Glen Cove mansion destroyed in early-morning fire

Severe winter conditions hamper responders


A 120-year-old mansion on Ridge Road was destroyed by fire on Jan. 7. The massive blaze, which began in the early morning, in the Red Spring Colony area of Glen Cove, quickly consumed the structure, burning for 13 hours before firefighters could extinguish it.

A house sitter made the initial 911 call at 2:07 a.m., according to a report by Mayor Timothy Tenke to the Glen Cove City Council.

Firefighters had to contend with temperatures near zero, which affected water pressure, and 20 degrees of wind chill in battling the blaze. “It was a big, bad fire,” Glen Cove Fire Chief Robert Marino said. “The conditions were extremely adverse.”

One firefighter, whose name was not released, was injured in the blaze. The fire, which is under investigation by the Glen Cove Police Department and the Nassau County fire marshal’s office, was thought to be electrical in origin, according to the mayor’s report to the council. The sitter, who was the sole occupant of the house at the time of the fire, was safe, Tenke said. The owners’ names were not released.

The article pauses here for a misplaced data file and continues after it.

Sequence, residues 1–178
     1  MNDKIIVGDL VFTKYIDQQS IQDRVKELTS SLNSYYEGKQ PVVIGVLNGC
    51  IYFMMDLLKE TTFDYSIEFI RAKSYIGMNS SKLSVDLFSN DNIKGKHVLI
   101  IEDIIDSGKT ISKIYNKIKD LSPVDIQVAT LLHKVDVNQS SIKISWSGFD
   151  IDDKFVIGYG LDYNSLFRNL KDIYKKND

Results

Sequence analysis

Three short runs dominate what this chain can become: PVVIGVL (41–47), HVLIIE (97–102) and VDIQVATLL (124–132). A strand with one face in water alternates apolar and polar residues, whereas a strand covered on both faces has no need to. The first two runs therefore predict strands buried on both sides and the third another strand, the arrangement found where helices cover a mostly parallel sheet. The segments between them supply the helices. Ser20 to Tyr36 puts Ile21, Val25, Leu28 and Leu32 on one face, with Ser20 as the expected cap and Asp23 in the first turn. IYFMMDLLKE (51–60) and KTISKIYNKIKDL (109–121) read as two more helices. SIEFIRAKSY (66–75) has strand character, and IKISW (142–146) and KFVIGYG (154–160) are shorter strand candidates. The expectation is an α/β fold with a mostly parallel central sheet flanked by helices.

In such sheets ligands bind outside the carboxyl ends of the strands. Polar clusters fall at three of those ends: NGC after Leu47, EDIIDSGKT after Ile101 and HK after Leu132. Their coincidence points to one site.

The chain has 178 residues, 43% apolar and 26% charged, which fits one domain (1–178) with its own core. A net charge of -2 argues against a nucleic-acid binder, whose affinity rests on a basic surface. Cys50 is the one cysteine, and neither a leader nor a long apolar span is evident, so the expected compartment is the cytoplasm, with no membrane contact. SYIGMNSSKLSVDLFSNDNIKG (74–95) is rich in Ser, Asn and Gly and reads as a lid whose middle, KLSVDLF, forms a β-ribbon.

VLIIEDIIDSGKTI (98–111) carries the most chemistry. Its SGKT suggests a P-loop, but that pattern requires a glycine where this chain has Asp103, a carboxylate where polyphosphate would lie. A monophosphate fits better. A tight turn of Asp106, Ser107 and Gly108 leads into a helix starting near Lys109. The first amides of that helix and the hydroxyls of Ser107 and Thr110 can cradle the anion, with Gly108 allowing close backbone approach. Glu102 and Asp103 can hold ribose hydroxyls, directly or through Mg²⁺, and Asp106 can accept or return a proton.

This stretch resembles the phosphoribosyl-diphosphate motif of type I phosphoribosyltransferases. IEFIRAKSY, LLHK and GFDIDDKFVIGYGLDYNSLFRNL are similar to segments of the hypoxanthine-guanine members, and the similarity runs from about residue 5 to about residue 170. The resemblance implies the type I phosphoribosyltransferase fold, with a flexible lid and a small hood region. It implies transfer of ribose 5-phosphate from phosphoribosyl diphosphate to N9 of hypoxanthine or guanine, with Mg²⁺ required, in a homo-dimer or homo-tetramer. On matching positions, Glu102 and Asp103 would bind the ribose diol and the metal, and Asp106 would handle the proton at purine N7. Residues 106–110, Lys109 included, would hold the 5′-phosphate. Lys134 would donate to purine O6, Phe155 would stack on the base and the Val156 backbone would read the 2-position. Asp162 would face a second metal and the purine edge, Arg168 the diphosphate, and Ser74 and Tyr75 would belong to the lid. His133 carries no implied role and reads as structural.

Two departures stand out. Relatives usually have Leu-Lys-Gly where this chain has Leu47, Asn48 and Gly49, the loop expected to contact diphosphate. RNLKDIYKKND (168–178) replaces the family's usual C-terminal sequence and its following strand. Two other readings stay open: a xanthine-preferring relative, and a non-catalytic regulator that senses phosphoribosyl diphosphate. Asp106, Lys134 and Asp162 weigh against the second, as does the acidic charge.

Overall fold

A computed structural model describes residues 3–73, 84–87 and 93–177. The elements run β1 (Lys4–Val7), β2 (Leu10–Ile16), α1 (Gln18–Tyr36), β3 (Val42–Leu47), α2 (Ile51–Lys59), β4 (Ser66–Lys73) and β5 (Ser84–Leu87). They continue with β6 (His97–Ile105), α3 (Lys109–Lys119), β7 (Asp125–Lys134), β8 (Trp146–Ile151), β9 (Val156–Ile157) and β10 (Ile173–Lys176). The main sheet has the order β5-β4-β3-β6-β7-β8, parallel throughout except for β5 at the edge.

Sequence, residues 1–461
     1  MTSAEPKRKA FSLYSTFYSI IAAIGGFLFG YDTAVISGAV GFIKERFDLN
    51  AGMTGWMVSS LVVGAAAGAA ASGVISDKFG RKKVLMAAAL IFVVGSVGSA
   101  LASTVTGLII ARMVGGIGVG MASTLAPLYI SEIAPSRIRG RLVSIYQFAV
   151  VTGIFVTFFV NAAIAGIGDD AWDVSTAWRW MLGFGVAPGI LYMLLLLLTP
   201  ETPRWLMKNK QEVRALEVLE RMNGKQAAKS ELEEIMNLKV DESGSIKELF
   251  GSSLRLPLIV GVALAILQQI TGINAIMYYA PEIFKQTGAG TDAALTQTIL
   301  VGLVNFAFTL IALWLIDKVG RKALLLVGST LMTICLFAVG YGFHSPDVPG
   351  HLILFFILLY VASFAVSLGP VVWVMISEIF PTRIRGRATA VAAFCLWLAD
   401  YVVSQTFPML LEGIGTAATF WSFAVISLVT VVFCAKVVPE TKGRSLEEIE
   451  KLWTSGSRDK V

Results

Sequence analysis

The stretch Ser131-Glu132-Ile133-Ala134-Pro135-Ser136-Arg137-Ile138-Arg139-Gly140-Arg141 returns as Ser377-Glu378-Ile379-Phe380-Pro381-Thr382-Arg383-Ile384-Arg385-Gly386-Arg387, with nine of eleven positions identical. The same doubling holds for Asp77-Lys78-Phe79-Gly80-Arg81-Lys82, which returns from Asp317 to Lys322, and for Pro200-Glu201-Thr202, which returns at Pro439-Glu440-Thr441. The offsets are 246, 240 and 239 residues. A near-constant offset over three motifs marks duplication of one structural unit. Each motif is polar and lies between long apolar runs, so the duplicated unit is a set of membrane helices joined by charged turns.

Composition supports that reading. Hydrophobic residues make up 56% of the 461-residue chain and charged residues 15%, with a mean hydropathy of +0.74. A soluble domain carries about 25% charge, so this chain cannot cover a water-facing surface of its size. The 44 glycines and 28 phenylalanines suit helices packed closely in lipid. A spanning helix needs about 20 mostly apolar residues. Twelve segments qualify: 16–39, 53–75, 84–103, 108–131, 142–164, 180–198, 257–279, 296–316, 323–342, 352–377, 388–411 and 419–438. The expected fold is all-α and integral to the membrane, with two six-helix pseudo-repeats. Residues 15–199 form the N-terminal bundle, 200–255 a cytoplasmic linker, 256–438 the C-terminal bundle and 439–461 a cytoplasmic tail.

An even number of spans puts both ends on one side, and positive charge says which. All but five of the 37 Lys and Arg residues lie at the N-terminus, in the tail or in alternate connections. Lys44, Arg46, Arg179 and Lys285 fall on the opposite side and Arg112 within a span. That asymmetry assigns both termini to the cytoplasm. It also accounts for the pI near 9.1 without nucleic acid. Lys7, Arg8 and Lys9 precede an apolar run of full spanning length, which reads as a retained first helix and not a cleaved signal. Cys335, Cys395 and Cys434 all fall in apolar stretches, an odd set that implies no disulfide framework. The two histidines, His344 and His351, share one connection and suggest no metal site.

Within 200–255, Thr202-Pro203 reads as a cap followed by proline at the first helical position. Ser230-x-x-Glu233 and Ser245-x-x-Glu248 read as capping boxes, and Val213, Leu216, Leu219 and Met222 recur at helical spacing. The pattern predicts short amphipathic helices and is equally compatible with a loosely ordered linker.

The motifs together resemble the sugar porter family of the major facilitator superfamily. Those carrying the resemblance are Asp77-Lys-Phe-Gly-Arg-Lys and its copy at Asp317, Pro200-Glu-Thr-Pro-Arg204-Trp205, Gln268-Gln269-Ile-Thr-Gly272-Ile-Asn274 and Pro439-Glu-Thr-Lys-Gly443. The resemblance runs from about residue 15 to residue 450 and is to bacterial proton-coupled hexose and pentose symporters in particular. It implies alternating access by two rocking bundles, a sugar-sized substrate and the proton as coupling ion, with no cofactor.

Glen Cove Fire Department’s Engine and Hose Company No. 4 was first on the scene, with engines 524 and 528, followed by Pacific Engine and Hose Company No. 1, according to a department spokesman. Hook and ladder and engine and hose companies from the Glenwood and Locust Valley fire departments were next on the scene with their tower ladders.

Seventeen mutual aid departments assisted in the operation, as well as eight other agencies, including at least four tower ladder companies and eight engine companies, as well as Emergency Medical Services, Office of Emergency Management and Red Cross units.

Fire departments from Albertson, Bayville, Bethpage, Carle Place, East Norwich, Glenwood, Hicksville, Great Neck, Jericho, Locust Valley, Manhasset-Lakeville, Mineola, Oyster Bay, Plandome, Port Washington, Roslyn, Syosset and Westbury, among others, sent units ranging from engine companies to rescue engines to tower ladders to help with the operation.

At the peak of the blaze, more than 100 firefighters, EMS, police and support personnel were battling it, according to Marino, who thanked all the departments and other support groups for their help.